Free Trade Agreement

In a free trade agreement (FTA), two or more nations come to an understanding on a variety of issues, including investor protections, intellectual property rights, and obligations affecting trade in products and services. The major objectives of trade agreements for the United States are to lower export barriers, safeguard American interests that compete abroad, and strengthen the rule of law in the FTA partner nation or countries.

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How can US exporters benefit from FTAs?

If you’re trying to export your goods or services, the US government may have negotiated advantageous terms through an FTA to make the process simpler and less expensive for you. Gaining access to FTA benefits for your product could mean keeping additional records, but it could also provide it a competitive edge over goods from other nations. U.S. FTAs often include a broad range of governmental actions that have an impact on your company, including:

  • Tariffs on qualifying products may be cut or eliminated: For instance, a nation that typically levies a 12% tariff on imported goods can remove that tax on goods that originate (as defined by the FTA) in the United States. You become more marketable as a result.
  • Protection of Intellectual Property: ensuring that American-owned intellectual property rights are upheld in the FTA partner nation.
  • Product Standards: Exporters from the United States have the option of taking part in the creation of product standards in the FTA partner nation.
  • Selling to the government: A U.S. company’s capacity to submit a bid for specific government contracts in the FTA partner nation.
  • Service providers: The capacity of American service providers to offer their services in an FTA partner nation.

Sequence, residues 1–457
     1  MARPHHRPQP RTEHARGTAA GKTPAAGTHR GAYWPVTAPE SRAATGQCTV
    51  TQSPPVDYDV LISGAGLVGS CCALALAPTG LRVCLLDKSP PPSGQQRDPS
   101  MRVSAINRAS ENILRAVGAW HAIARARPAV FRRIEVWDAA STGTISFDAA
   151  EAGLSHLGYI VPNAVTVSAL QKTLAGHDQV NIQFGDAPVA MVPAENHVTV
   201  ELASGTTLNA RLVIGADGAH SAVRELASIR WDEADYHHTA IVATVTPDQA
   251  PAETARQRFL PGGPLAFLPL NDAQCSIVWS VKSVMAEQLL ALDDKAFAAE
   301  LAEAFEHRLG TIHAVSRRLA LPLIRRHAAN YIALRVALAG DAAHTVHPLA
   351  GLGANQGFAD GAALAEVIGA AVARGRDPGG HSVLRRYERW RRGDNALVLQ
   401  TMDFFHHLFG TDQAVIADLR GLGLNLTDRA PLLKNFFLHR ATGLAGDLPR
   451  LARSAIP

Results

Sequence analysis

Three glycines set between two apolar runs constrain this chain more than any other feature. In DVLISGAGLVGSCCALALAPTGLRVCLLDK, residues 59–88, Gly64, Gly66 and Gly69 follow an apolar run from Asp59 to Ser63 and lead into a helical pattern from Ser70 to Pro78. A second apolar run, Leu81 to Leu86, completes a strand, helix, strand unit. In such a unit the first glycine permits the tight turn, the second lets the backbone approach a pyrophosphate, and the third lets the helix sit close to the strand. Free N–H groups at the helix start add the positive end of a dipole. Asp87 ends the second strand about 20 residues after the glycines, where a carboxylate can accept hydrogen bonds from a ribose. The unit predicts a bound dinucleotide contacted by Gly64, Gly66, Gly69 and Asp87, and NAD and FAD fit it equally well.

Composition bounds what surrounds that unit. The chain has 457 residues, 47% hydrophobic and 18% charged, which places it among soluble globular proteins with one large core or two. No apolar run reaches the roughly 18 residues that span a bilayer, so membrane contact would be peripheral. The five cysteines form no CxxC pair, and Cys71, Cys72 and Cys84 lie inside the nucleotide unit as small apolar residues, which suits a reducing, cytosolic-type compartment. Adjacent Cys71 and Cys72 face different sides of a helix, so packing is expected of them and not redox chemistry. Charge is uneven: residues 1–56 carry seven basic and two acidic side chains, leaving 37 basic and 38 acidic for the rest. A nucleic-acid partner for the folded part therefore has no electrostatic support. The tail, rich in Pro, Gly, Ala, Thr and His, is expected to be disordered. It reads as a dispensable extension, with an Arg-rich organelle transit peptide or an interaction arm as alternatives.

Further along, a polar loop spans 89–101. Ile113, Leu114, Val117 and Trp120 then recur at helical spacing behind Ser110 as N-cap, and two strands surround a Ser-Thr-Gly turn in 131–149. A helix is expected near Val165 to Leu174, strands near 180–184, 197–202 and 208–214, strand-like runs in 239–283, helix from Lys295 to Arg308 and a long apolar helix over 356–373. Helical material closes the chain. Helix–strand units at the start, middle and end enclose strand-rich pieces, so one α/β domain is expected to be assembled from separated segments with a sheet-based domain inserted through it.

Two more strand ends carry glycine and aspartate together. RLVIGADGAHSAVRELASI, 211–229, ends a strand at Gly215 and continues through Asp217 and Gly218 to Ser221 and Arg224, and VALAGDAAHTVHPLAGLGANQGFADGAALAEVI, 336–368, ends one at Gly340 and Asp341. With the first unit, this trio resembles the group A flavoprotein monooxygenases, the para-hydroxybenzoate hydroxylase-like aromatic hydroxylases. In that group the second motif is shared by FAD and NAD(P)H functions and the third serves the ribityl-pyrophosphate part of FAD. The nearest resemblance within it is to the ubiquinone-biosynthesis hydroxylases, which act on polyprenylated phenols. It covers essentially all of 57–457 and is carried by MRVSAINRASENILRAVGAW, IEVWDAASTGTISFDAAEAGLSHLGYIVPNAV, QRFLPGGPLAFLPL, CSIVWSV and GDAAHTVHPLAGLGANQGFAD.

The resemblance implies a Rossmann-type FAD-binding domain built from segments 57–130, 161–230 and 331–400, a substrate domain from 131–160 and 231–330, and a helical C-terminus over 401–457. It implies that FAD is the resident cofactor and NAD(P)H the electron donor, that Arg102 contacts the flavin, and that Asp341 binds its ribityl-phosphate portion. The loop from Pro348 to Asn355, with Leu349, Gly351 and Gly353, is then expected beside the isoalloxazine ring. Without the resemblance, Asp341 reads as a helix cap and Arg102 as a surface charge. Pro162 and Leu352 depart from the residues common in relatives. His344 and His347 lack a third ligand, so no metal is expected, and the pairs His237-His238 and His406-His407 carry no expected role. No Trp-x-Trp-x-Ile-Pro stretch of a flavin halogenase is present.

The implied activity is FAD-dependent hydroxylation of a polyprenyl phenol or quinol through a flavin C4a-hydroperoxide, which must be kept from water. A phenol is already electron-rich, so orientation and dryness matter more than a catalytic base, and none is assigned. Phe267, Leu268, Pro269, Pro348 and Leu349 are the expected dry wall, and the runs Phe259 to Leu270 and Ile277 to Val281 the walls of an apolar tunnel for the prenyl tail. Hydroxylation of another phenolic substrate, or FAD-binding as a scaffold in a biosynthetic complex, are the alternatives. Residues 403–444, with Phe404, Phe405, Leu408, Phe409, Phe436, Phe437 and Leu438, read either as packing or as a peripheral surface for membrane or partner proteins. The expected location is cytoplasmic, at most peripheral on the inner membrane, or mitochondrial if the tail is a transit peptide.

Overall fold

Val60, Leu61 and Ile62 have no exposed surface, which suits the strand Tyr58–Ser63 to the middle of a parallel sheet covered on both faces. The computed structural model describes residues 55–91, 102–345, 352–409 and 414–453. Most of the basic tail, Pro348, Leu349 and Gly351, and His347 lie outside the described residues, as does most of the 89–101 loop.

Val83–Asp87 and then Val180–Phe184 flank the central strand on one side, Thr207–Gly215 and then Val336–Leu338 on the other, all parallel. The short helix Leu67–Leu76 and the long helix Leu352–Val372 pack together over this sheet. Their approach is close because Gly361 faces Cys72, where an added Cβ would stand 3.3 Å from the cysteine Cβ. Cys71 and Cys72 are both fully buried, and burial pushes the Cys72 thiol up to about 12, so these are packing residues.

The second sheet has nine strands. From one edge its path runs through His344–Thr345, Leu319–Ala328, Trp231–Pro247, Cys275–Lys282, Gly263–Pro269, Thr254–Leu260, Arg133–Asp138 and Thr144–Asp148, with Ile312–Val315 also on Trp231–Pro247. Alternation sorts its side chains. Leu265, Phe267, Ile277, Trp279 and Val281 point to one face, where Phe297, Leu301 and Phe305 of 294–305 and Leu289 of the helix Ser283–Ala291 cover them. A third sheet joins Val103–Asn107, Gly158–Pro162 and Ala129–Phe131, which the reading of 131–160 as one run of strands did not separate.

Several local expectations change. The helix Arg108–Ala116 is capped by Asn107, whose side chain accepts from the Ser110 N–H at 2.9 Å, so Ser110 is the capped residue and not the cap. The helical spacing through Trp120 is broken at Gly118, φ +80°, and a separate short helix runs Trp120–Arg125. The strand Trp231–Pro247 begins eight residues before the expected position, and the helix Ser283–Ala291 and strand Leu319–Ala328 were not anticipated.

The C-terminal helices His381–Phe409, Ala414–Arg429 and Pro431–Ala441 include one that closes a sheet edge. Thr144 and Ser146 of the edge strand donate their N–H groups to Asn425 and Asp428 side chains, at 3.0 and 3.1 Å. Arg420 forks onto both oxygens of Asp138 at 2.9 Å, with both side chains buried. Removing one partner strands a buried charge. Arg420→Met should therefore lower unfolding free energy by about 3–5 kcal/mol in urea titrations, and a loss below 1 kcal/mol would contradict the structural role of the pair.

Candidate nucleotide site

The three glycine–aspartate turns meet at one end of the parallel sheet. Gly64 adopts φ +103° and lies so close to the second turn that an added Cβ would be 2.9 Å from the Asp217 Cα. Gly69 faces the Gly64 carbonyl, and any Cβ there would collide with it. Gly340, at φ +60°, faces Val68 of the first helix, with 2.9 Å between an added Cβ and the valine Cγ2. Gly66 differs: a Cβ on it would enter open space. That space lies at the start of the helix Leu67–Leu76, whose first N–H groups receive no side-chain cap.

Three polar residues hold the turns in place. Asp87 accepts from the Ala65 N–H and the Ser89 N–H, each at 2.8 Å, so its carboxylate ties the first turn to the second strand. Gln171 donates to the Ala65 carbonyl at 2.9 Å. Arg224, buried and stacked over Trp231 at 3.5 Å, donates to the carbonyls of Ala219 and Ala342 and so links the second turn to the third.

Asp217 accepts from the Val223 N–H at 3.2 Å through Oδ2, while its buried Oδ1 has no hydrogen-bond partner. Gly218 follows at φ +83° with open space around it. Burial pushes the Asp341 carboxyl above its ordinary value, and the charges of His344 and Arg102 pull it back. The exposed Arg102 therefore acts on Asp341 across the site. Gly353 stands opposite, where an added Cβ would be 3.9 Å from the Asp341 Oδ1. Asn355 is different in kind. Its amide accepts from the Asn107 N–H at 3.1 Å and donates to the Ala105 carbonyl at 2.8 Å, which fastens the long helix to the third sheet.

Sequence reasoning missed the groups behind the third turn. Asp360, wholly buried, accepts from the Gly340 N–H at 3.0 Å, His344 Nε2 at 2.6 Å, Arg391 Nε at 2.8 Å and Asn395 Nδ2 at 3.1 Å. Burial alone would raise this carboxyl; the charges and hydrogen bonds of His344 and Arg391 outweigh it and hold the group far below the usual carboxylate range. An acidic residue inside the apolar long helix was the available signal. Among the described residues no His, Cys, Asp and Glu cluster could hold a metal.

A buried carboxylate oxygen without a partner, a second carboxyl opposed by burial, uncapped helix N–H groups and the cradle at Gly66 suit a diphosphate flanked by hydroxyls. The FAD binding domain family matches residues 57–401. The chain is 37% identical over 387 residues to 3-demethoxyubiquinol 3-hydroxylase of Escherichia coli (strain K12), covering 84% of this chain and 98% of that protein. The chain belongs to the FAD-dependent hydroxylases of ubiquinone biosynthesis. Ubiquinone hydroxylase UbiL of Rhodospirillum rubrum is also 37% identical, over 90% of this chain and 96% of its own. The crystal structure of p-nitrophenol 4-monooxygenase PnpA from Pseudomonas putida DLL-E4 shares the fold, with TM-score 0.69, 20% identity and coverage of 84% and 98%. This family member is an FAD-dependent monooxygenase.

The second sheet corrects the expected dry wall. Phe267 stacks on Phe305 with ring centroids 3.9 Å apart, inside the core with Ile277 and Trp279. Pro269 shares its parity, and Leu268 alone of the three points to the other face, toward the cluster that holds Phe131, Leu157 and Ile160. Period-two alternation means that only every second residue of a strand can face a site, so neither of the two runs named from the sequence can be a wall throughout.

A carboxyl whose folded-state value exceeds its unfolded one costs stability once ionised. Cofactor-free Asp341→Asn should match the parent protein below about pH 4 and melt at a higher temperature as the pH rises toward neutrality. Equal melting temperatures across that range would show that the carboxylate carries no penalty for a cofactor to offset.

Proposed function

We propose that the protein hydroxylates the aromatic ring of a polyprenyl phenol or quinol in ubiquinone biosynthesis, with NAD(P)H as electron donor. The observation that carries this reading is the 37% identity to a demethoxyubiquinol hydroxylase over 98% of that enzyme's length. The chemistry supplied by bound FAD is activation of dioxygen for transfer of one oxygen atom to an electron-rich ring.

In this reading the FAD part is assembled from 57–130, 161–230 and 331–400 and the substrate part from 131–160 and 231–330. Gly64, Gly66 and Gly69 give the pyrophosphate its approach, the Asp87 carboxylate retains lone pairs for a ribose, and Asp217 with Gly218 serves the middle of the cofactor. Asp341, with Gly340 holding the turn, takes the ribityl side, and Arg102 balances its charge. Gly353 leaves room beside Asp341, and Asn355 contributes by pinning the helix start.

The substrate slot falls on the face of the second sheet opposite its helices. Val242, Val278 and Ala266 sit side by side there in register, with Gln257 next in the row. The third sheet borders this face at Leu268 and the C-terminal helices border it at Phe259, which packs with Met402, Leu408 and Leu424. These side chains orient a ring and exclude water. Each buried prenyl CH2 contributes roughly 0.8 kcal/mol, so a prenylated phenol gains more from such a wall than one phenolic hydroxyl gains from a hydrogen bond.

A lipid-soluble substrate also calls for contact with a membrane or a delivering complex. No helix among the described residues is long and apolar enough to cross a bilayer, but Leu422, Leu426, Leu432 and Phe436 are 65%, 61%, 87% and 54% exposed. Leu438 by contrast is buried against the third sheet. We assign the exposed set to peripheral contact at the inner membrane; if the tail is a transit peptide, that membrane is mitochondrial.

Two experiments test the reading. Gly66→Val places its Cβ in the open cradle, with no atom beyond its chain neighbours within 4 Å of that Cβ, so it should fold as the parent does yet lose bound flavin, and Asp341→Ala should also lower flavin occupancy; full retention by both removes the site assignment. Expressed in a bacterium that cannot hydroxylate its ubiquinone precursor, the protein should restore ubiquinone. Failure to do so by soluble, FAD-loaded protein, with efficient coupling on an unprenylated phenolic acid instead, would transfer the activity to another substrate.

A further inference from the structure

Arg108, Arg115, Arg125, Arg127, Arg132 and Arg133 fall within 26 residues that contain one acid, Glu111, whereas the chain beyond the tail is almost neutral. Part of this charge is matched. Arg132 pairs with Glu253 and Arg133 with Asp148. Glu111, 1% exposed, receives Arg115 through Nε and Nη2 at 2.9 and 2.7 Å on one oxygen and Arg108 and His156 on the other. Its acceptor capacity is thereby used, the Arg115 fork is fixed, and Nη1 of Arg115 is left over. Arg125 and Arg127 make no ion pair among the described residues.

• Fair treatment for American investors is contingent upon them receiving the same favorable treatment as the FTA partner country’s own investors and their investments, as well as investors and their investments from any other third-party nation.

Key Takeaways

    • What does FTA stand for? Free trade agreement, a legally binding agreement between nations that lets companies access new markets more easily by removing certain trade obstacles, such as tariffs and non-tariff barriers.

Why is a Free Trade Agreement important?

Free trade agreements (FTAs) are legally binding agreements between nations that let firms access new markets by removing trade obstacles including tariffs and non-tariff barriers. For companies doing business abroad, they establish more stable and open conditions.


What is the difference between an FTA and a PTA?

A preferential trade agreement or accord (PTA) has the potential to be unilateral, which is the main distinction between it and a free trade agreement (FTA). In other words, they are easing of trade restrictions from one country to another without necessarily requiring a reciprocal action from the other. Preferential trade accords, which are often extended by affluent nations to developing nations as a sort of diplomatic favoritism, typically require waivers from the World Trade Organization, at least for member states.


How do I know if my shipment qualifies for Free Trade Agreement benefits?

Depending on the country of origin, importing country, and free trade agreement in place, there are several steps to take in order to assess whether or not a shipment is eligible for FTA advantages. However, in general, the process boils down to being able to establish and prove that the product(s) being imported originated in a nation of origin that is a party to the FTA, either in whole or beyond a set threshold as indicated in the free trade agreement. The majority of FTAs also contain provisions for items that may not technically or strictly speaking have come from a member state but yet underwent significant “transformation” (e.g., raw materials being processed or manufactured into finished goods), which may in fact make those products eligible for benefits. If an importer decides that the products being imported might be eligible, they must show this to customs officials using certain documents (usually referred to as “certificate of origin”). Software programs are available to assist importers in determining if their cargo qualify for FTA incentives.

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